Dec 19, 2015 0
from Karl Rove in the Wall Street Journal, Clinton is Already Vowing to Overreach:
This is no small matter. “The accumulation of all powers, legislative, executive and judiciary in the same hands,” James Madison warned in Federalist 47, “may justly be pronounced the very definition of tyranny.” Madison goes on to paraphrase Montesquieu: “There can be no liberty where the legislative and executive powers are united in the same person.”
Or we might consult Thomas Jefferson, namesake of the Iowa Democratic dinner where Mrs. Clinton spoke. In his “Notes on the State of Virginia,” Jefferson writes that “the concentrating” of the legislative, executive and judicial powers “in the same hands, is precisely the definition of despotic government.”
Progressives long ago came to view the Constitution as a quaint document with no binding power. But until recently, they never were so baldly contemptuous of it. Now liberals consider running roughshod over our governing charter not only fashionable but mandatory. No constitutional niceties will stand in the way of their vision. Which explains why this election will decide whether America will remain, in the words of John Adams, “a government of laws, and not of men.”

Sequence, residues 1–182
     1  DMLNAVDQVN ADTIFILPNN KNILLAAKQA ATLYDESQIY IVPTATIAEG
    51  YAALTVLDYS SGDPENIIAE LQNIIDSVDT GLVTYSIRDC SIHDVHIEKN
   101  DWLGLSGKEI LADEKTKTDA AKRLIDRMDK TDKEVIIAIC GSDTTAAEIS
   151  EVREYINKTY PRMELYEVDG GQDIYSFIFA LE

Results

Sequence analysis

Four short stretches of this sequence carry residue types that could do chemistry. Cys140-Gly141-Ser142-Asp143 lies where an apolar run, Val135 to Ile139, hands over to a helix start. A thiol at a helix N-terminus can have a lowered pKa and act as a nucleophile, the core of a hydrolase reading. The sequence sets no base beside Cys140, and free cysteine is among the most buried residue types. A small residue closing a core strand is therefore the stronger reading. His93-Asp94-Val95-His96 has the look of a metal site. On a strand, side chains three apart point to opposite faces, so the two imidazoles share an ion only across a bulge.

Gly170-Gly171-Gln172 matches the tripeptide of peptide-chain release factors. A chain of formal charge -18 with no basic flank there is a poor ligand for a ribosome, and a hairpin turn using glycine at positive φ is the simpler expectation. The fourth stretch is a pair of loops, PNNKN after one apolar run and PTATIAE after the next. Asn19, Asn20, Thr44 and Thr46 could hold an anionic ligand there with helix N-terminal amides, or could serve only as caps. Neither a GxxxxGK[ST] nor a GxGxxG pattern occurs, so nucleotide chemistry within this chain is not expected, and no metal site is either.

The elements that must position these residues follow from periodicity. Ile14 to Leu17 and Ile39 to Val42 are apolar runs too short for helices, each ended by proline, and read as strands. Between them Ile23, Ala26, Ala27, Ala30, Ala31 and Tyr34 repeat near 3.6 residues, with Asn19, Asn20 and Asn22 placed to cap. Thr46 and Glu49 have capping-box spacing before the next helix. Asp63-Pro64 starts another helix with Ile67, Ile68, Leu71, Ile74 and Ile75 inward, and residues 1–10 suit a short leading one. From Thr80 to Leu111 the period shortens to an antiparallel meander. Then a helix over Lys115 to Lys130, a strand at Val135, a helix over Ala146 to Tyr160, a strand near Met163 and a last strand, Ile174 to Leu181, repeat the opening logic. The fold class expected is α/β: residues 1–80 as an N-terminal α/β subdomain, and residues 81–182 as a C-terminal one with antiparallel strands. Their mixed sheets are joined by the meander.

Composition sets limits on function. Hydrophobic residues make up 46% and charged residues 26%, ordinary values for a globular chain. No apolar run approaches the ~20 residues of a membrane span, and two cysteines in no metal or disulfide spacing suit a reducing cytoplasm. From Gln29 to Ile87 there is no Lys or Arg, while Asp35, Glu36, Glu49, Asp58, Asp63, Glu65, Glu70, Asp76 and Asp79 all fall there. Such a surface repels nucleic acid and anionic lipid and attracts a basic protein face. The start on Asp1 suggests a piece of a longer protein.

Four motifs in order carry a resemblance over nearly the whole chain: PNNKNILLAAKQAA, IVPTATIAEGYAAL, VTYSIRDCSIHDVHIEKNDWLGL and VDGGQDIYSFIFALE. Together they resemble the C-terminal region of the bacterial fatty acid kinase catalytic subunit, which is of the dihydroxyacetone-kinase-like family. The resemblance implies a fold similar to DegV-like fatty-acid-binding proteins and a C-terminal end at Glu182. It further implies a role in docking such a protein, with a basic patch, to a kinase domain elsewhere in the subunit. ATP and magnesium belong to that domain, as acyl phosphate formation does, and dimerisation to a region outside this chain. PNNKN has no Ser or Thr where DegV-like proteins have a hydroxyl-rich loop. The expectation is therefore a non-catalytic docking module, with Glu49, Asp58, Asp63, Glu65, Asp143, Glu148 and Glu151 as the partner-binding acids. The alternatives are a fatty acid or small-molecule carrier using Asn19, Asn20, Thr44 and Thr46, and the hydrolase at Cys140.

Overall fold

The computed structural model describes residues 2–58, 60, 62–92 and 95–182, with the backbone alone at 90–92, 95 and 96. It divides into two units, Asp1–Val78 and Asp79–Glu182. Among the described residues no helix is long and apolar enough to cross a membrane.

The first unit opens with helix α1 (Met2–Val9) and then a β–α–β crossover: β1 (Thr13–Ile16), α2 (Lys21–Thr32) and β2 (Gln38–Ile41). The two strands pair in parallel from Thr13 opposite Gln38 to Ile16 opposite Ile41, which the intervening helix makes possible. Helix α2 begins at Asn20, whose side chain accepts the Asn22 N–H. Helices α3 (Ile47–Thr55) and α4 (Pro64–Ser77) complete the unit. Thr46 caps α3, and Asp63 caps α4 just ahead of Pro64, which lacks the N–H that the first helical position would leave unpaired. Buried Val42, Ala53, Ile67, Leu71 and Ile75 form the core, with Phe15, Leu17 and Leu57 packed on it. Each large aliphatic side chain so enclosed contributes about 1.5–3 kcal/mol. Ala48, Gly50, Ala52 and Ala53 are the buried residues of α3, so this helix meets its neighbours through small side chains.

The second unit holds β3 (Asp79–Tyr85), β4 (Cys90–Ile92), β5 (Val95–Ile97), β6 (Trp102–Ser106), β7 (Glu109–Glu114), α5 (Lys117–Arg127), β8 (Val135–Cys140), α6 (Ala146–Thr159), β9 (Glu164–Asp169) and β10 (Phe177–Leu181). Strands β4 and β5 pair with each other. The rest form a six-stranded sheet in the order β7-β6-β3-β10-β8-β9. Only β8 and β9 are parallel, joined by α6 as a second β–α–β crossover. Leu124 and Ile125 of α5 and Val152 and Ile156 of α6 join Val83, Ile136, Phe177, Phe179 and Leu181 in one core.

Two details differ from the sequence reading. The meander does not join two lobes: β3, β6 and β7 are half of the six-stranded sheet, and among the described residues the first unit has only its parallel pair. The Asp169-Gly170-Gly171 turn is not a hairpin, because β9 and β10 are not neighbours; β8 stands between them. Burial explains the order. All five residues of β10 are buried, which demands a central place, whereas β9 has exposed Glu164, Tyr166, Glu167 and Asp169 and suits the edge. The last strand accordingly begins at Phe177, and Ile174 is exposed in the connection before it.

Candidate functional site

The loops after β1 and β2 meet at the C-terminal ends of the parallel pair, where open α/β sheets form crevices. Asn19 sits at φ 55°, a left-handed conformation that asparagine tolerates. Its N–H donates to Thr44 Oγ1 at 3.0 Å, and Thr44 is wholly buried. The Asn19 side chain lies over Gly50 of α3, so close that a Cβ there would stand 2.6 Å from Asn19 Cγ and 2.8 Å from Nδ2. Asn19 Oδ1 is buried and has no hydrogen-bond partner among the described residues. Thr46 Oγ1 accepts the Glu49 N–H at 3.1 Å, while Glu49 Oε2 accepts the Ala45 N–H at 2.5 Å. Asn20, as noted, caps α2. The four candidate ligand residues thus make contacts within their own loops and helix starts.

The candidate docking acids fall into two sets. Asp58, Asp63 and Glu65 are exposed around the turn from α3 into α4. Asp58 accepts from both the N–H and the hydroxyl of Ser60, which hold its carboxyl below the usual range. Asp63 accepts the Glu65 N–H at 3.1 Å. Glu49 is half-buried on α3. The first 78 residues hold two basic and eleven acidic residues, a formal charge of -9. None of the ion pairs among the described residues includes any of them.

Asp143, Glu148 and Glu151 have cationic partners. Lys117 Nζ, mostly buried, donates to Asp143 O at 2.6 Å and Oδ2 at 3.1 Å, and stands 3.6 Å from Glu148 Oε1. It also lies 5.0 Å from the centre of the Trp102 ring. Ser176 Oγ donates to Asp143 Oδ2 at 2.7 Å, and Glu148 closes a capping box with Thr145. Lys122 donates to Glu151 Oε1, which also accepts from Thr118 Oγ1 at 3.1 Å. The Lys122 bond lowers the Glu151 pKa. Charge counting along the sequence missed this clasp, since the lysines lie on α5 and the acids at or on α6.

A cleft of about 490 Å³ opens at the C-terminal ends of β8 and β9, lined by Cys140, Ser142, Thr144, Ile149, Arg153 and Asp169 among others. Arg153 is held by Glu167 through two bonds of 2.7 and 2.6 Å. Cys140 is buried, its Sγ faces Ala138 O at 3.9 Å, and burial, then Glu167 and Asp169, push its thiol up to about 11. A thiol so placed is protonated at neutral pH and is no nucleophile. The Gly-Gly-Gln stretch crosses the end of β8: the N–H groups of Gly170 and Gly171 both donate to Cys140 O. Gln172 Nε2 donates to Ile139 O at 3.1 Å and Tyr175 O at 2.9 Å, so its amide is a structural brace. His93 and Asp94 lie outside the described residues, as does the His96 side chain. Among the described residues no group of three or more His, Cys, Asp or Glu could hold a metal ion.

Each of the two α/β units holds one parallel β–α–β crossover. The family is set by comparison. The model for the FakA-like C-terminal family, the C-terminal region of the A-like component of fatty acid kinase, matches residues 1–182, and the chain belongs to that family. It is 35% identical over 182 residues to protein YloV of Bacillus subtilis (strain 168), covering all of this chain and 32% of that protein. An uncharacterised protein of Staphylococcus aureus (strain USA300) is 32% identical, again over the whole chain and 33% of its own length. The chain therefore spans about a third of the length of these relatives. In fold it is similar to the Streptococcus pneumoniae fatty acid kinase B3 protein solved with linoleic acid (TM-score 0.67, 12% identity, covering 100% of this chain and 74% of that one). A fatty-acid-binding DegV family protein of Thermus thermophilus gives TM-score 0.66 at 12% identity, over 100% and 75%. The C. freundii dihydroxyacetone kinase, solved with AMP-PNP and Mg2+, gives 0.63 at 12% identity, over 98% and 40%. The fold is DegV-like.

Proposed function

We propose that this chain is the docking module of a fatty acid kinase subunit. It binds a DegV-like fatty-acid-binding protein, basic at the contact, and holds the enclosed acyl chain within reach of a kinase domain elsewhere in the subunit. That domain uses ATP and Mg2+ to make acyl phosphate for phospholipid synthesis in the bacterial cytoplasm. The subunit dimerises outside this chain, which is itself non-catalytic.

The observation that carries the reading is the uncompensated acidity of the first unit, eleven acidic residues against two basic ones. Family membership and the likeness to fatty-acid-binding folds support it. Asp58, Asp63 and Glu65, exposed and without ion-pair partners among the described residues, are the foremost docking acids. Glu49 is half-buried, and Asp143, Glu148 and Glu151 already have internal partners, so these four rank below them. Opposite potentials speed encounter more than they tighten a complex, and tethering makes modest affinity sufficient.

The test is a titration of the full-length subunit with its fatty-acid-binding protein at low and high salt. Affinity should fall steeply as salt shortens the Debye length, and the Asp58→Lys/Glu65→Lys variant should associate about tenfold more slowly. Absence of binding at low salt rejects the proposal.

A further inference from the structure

When one condones such power being accessible to an elected official, they would be wise to pause and imagine that power in the hands of their worst nightmare from the opposition. How would she feel about the same power in the hands of a Donald Trump?
This is a good example of pragmatism as a political philosophy at its worst. Every problem is a crisis and something must be done, the constitution be damned.
The dominant political debate today, after you cut through pieties and the noise is constitutionalism vs progressivism. The progressives since Wilson have viewed the constitution as a dated document that inhibits needed government action, not as a document designed to restrain government power and protect individual natural rights. While there is clearly room for interpretation in the lights of two and half centuries of progress, the fundamental precepts of liberty and the problem with concentrations of government power remain and should be respected.